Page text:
Drawing on the religious traditions of South Asia (modern India, Pakistan, Bangladesh, and Sri Lanka, students will consider the varieties of the religious experience, historically and comparatively represented by the adherents of these religious communities.

REL 375. Islam. (4).

In this introductory course, students learn the history of Islam from the Prophet Mohammed and the roots of the religion in Arab culture, to the spread of Islam as a global religion across many cultures. Students will analyze the variety of social, political, and cultural ways in which Muslims live out their faith around the world and in the U.S. Global Emphases may change year to year but will include 3-5 different geographical areas such as: Egypt, Asia, Turkey, Africa, Spain, Indonesia, and Europe.

REL 379. Sikh Tradition: a Case Study in Global Religions. (4).

The Sikh religion, or Sikhism, offers students an educative example of how a religious tradition emerges in the full light of history to become one of the youngest of the "world religions". In this course, students will share in the tradition's intellectual, spiritual, and cultural heritage while exploring the question of how to study religions. By the course's end, students will be able to recapitulate major moments in the tradition's history, and also offer informed comment on its future.

REL 380. Jesus in Film and History. (4).

A study of the historical person of Jesus through readings in the gospels, historical Jesus research from the past two centuries, and the various cinematic portraits of Jesus from the silent picture era to the present.

REL 381. Religion, Identity, and Culture. (4).

This course explores the interaction of religion and culture in the United States. We will examine uses of religious symbols and narratives in the formation of personal, gender, ethnic and cultural identities, through analysis of memoirs and novels.

REL 382. Religion and Public Life. (4).

In modern democracies there is often a provision for religious freedom alongside an exception that the public be secular. Students will explore religious freedom and freedom of conscience in light of the First Amendment and Anglo-Protestant bias. Governed by seminar practices of writing, speaking, and listening, students will examine case studies and constitutional debates; describe and assess the practice of religion in public life; and explain the dynamics of religious pluralism and secularization. Prerequisite: Rel 100.

REL 390. Exploring Church Vocations. (4).

This course is designed for students interested in exploring the possibility of lay or ordained ministry in the church on either a professional or voluntary basis. Its primary focus is on the theory and practice of youth and family ministry, and the theology and art of oral communication in religious settings.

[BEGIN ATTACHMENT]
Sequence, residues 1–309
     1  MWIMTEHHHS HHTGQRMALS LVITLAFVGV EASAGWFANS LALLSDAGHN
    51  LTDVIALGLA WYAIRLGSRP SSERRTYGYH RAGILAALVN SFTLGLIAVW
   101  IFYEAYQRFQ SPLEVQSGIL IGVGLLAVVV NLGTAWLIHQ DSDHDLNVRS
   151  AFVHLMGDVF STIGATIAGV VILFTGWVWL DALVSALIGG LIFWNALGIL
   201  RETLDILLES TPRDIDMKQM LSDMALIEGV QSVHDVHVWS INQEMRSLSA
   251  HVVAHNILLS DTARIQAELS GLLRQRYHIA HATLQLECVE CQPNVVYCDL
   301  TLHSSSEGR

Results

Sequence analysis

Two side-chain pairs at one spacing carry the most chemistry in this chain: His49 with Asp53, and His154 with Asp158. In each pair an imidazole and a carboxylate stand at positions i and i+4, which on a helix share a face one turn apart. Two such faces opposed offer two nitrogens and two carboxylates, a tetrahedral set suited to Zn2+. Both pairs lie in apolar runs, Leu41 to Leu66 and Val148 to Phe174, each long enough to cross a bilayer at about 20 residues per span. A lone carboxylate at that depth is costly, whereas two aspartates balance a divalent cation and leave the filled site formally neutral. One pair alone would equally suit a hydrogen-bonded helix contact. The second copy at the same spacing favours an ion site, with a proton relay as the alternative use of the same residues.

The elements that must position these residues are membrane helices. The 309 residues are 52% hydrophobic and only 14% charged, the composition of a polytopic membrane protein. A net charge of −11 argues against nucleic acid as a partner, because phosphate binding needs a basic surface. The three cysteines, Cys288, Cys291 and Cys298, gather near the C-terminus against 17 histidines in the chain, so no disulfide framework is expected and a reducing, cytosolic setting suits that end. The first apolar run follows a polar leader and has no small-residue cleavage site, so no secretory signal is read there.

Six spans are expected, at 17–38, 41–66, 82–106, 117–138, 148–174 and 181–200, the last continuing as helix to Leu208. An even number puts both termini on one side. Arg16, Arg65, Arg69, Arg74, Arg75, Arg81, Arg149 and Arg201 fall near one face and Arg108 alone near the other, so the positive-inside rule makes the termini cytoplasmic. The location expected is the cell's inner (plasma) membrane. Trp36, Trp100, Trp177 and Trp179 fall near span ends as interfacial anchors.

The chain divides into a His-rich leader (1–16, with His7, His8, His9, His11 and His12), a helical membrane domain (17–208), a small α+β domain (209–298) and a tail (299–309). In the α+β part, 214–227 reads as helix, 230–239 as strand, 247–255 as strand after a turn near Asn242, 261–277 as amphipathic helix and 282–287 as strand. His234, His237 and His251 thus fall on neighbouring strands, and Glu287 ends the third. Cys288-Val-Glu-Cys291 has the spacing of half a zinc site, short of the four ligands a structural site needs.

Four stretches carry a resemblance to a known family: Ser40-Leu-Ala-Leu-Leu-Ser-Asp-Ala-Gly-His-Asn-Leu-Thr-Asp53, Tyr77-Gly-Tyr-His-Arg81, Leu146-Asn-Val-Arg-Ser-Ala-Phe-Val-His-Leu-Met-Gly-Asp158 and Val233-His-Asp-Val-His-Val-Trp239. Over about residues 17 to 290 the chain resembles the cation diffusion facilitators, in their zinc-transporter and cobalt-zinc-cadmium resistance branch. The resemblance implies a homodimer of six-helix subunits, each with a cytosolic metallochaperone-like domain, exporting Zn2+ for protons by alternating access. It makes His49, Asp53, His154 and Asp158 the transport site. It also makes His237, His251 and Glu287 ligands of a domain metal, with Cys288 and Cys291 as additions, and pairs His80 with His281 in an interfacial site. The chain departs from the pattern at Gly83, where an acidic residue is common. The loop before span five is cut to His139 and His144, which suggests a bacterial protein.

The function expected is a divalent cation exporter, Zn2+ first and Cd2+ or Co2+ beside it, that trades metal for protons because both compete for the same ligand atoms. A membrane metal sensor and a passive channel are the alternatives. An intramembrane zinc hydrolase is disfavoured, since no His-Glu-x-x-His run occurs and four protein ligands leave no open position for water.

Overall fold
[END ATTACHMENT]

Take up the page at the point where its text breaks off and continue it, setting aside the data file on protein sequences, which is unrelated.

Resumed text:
REL 391. Children, Youth, and Family Ministry. (4).

Through course readings, practica, guest speakers, and self-reflection, students will be introduced to the theologies, approaches, and organizational models of ministry with children, youth, and families. Students will investigate the analyses of others through written assignments and exams and will construct their own articulations of the purpose and practice of ministry. By hosting guest speakers, practicing theological skills, and locating resources, students will relate their own identities and leadership styles to the identities and leadership styles of fellow classmates and scholar-practitioners. Prerequisite: Rel 100.

REL 392. Liturgy and Worship. (4).

An introduction to the Christian liturgical tradition, particularly that of Western Christianity. It will include some comparison with non-Christian religious customs, and will give importance to the development of worship in the Protestant traditions. The course's approach is historical, but it may also include some practical training if appropriate to student needs. Christian hymnody and liturgical music will also be introduced, with an emphasis on the distinctive Lutheran contributions in those areas. (cross-listed with MUS 392).

REL 412. Christian Art in the Middle Ages. (4).

Students survey the religious art of the Middle Ages - primarily Christian, but also some early Jewish and Islamic developments - identifying significant works of architecture, sculpture, and painting, while exploring Christian concepts and beliefs, liturgy and worship. Students consider art in relation to cultural needs, examining works in historical, religious social, economic, and political contexts. Students become familiar with visual forms, styles, narratives, and symbols of Christian art, as well as with broader, unifying themes shared by different cultures. The course content covers twelve centuries and geographically spans the Western edges of Europe to the Middle East. We also pay attention to instances of cultural exchange (the circulation of ideas, art forms, and artists through Europe and the Middle East). (cross-listed with ART 412).

REL 433. Religious Conflict and Cooperation in Modern South Asia. (4).

From colonial encounters to the contemporary period, this course traces the roots of twentieth century interreligious conflict in and between India, Pakistan, Bangladesh, and Sri Lanka. Based on the principles of the emerging field of Interfaith Studies, we will take an interdisciplinary approach to understand the underlying causes of conflict, as well as enacted and potential solutions. Pre-requisite: REL-100. Also, this course is intended for Honors Program participants, Junior/Senior standing in Religion, or permission of instructor.

REL 480. Travel Seminar: Israel/Palestine. (4).

Israel / Palestine is a "Holy Land" for Jews, Christians, and Muslims around the world, and it plays an important role in history and in contemporary global politics. From the ancient world to the present, this strip of land along the eastern Mediterranean has been home to a wide variety of people. This course and trip will introduce students to the history, religions, and cultures of Israel / Palestine. The travel portion will give significant attention also to communities and projects that focus on sustainability, peace, and coexistence. Students will meet in a seminar format weekly during the Spring semester in preparation for the trip to Israel / Palestine, and lectures and experiential learning opportunities will be embedded into the itinerary.

REL 496. Directed Research. (1-3).

Faculty

Professors

R. Guy Erwin
Rev. Dr.

Jarvis Streeter
Rev. Dr.

Associate professor

Julia Lambert Fogg
Rev. Dr.

Assistant professors

Rahuldeep Singh Gill
Dr.

Victor Thasiah
Rev. Dr.

Samuel Thomas
Dr.

Colleen Windham-Hughes
Rev. Dr.

Senior Lecturer

Kapp Johnson
Rev.

Professors emeriti

Pamela Brubaker

Joseph Everson
Rev. Dr.